Flanges play a vital role in the gas and oil piping system, connecting valves with other equipment. Pipe flanges are the second-most commonly used joining mechanism after welding.
It also provides added flexibility that allows easier disassembly and assembly of pipe systems. They provide easy access during the inspection, repairs, and cleaning of natural gas and oil pipelines.
Here are a few factors to keep in mind during the flange selection process:
Flanges come in different types for industrial use. You may need to choose carefully an ideal flange design that fits well with your piping system. The most common type of flanges used in the petrochemical industry are:
1. Slip-on flange
2. Welding neck flange (buttweld)
3. Socket weld flange (counterbore)
4. Blind flange
5. Lap joint flange (rotating flange)
6. Threaded (companion) flange
Other special flanges commonly used in the gas and oil industry include:
Long weld neck flanges
The flange face types and design may have a significant impact on the piping system’s final performance.
Forged carbon steel pipes are one of the common types present in the market. Additionally, you can find flanges manufactured from bronze, cast iron, aluminum, and stainless steel. You may also find flanges with specialty metals like Monel, Inconel, and chrome-moly.
The type of material used depends on the piping systems and industrial application. It is to ensure that they are strong and durable enough in the long run. However, in most instances, the flanges and pipes are made of the same material.
If you want a flange in a proper fit, you need to look into the flange dimensions and size. You need to be keen on how the flange interfaces with the pipes and gaskets to ensure an ideal size. Below are a few standard dimension considerations:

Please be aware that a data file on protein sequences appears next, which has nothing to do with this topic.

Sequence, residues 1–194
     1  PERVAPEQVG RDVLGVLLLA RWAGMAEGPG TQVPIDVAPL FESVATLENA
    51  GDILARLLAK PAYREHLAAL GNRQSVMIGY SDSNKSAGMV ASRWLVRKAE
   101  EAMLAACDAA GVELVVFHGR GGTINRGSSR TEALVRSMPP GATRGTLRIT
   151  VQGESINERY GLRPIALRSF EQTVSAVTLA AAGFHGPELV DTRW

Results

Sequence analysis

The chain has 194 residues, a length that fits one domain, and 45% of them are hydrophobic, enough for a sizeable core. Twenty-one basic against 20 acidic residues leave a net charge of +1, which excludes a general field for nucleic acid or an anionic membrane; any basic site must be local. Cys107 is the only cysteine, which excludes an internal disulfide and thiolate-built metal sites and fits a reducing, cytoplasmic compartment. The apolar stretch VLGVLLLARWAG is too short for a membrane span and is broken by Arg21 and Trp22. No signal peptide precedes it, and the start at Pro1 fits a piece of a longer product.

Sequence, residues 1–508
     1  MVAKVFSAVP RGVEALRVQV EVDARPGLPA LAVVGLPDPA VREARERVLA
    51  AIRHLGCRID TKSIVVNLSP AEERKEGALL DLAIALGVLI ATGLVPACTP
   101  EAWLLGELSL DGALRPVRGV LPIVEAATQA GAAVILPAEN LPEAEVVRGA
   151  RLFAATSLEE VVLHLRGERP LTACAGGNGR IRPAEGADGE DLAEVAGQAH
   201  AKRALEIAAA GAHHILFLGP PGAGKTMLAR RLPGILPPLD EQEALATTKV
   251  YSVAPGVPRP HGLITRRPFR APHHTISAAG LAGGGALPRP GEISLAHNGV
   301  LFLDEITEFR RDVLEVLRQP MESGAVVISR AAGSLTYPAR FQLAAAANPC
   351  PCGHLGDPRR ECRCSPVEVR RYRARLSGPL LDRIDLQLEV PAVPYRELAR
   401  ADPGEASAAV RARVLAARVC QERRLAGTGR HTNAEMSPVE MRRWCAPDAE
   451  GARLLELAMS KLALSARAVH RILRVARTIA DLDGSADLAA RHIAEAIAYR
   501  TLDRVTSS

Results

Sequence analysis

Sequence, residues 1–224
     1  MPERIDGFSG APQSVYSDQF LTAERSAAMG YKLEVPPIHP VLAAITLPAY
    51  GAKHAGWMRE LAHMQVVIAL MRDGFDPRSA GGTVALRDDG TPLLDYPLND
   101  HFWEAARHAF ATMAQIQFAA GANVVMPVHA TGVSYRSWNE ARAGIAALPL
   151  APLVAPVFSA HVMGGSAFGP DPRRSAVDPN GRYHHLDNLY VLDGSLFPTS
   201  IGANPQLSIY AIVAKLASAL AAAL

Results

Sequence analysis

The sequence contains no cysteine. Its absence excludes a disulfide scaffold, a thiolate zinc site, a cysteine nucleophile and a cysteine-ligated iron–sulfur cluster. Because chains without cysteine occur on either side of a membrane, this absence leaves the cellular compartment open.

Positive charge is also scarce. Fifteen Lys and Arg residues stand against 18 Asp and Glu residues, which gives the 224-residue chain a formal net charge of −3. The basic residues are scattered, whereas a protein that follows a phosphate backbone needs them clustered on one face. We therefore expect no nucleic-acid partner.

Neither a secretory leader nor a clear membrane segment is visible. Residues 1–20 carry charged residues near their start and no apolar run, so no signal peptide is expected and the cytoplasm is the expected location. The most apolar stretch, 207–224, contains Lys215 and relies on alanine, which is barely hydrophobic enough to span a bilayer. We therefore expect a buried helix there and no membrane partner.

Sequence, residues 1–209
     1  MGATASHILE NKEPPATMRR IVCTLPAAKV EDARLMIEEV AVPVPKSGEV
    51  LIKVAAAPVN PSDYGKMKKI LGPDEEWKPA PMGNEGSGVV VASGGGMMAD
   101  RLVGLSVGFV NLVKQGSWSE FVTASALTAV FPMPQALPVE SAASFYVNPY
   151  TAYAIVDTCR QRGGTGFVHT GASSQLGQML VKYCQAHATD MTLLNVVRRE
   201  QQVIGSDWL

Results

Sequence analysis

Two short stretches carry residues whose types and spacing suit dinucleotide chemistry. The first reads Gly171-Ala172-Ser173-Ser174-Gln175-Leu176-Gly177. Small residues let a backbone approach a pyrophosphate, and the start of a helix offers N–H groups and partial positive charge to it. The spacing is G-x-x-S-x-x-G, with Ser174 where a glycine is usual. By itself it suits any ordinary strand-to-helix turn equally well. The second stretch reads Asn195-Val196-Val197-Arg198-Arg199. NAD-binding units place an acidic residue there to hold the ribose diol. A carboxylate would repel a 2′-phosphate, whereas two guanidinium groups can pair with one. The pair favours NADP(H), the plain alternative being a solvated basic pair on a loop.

1. Pipe size
3. Bolt circle diameter
4. Inner diameter
5. Nominal bore size
6. Outside diameter
All flanges fall under different categories specified by ASTM or ASME standards. Characteristics of a specific flange type impact its performance across a range of industrial environments. Steel pipes are available in a variety of pressure classes and styles. The classification of metal flanges is from 150 to 2500# rating. Some standard classifications used in petrochemical industries include:
2500# (and higher for API)
The different categories vary depending on the temperature and pressure tolerances, flange size, design, or material used. The pressure ratings may decrease with the rise in temperature.
Depending on how thick the flange is, it is easy to determine the high pressure it can handle, in any application thicker flange can resist higher pressures.
Bolt holes make it easy to measure the size of the pressure class and flange. The number of bolt holes, pitch circle diameter, and the actual bolt hole size on the flanges are 3 factors that need to be addressed.
Pressure class helps to understand the marginal pressure level under which the flange can function safely and sustain. Each standard has several levels of pressure available, from high-pressure to low-pressure tolerance. The pressure level of the products to which the flange will be connected must be the same as the valves and pipes in the process.
Statistics on Industrial Pipeline
The Pipeline and Hazardous Materials Safety Administration under the US Department of Transportation have made an estimate which shows approximately 1,585,672 miles of natural gas pipeline and 160,521 miles of liquid petroleum pipeline across the nation. Over 28.3 trillion cubic feet of natural gas was delivered to consumers in 2019 via the gas-integrated transportation network.
There’s an endless list of factors to consider when you choose flanges for the Industrial Pipeline system. However, the given above are a few specific or crucial ones you must not skip out.
We hope that with the help of this guide, you will be able to identify the key things before purchasing flanges. To learn more about flange basics, visit https://www.texasflange.com/flange-basics/